Both Nomerz and Filatov have shifted the focus of street art from graffiti to autonomous art. Graffiti artists are team players and consider their tags and typographic compositions not as autonomous statements, but as occasions for communication and some kind of signalling systems adopted in marginalised communities. The ability to do something together, to ruthlessly overpaint what they have done, to supplement their messages with different inserts and pictures, is an essential feature of real graffiti artists, bequeathed by the black gangs of America in the 1920s.

But the urban art of the Nomerz era is predominantly that of street art. The principal difference between street art and graffiti is the autonomy of expression, defending the purely personal gesture of an artist. From the end of the noughties until the end of the 2010s complex compositions with intricate and exquisite graphics, masterly images of people, nature and genre scenes began to appear in Nizhny Novgorod. In his anatomical studies Nikita Nomerz turns to the academic style, as well as sketchy and vector graphics of web-punk design. Artyom Filatov makes variations on the theme of ancient atlases of nature and plants. On the facades of houses around the city, Andrey Olenev (b. 1993) brings fantastic worlds of Dutch Old Masters to life. Ivan Sery puts transparent bricks into the potholes of the city architecture, containing small puppet theatres with allegorical scenes from the life of Nizhny Novgorod residents. Such a visual feast has unwittingly turned Nizhny into something of an open-air museum. It is fascinating to stroll through the city. The abandoned water pumping station first became a Sistine Chapel of alternative art through the efforts Evgeny Strelkov (b. 1963) a graffiti master of the first generation, then came the TOY team, Anton Morokov (b. 1991), Yakov Khorev (b. 1991), Nikita Nomerz, Vova Chernyshev (b. 1992) and other younger artists who are leaving their mark.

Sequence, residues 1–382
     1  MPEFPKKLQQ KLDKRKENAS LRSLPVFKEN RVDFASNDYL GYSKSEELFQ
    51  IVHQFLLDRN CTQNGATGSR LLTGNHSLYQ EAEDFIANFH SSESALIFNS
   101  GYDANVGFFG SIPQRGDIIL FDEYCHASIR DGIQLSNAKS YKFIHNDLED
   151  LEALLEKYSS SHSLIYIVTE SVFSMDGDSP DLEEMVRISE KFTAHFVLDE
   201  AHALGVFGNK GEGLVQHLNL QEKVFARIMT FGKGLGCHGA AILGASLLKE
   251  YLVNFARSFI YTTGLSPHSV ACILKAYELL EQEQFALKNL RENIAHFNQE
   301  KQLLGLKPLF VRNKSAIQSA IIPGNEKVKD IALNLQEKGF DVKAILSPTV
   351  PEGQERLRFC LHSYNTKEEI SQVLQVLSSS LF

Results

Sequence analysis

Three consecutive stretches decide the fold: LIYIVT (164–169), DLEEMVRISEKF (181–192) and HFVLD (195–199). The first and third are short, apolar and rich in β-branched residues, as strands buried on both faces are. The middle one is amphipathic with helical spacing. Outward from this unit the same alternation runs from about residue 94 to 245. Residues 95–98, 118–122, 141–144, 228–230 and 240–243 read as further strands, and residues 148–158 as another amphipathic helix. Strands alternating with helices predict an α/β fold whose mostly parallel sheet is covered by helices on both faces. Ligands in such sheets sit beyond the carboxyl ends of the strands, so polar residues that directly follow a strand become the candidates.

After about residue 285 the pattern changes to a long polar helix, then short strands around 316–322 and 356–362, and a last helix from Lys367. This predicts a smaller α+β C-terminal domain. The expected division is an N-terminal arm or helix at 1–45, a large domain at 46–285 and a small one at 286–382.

Today street art in Nizhny Novgorod is perhaps predictably going through a new period of metamorphosis. It is becoming increasingly difficult to paint giant areas of the city’s old industrial architecture as the authorities do not allow it. Money is scarce. But a strong team spirit remains as does a unique hybrid style of painting, in which naive handwriting is intricately combined with neo baroque and post-digital emblems and symbols. With this style, one can paint a poignant self-portrait, with one’s personal problems, desires and happiness. Unsurprisingly, punk street style naturally fits into the walls of a gallery such as 9B and Futuro, and it sells well. The artists themselves have adjusted their ways of working to achieve greater professional complexity, perfectionism and precision – qualities that determine the success of easel paintings. In the mid-2010s, the Bomse Crew were radical marginal graffiti artists who often turned to the strategy of ‘bombing’, gestures that brought them into conflict with the infrastructure and their neighbours in street art. While continuing to make a living by making tattoos, the leaders of the Bomse Crew gradually began to develop a complex polyphonic style of art. It appeals to subcultural patterns, while at the same time it makes exquisite allusions to the complex calligraphic imagery of the ‘Gothic’ Romantics, from William Blake (1757–1827) and Henry Fuseli (1741–1825) to the Pre-Raphaelites. The extraordinary responsiveness of Bomse Crew's new art to both tradition and the youthful audience itself matched by its commercial success.

For me, the synthesis of different art strategies and a keen sensitivity to different audiences lies behind the triumph of Nizhny Novgorod's street art and, more broadly, its contemporary art, and crucially its future potential.

A Chronicle of Burgeoning Activity

Triumph Gallery

Moscow, Russia

24 November 2023 – 21 January 2024

Nikita Pirumov. Backward Walking

Marina Gisich Gallery

St. Petersburg, Russia

8 December – 8 March 2024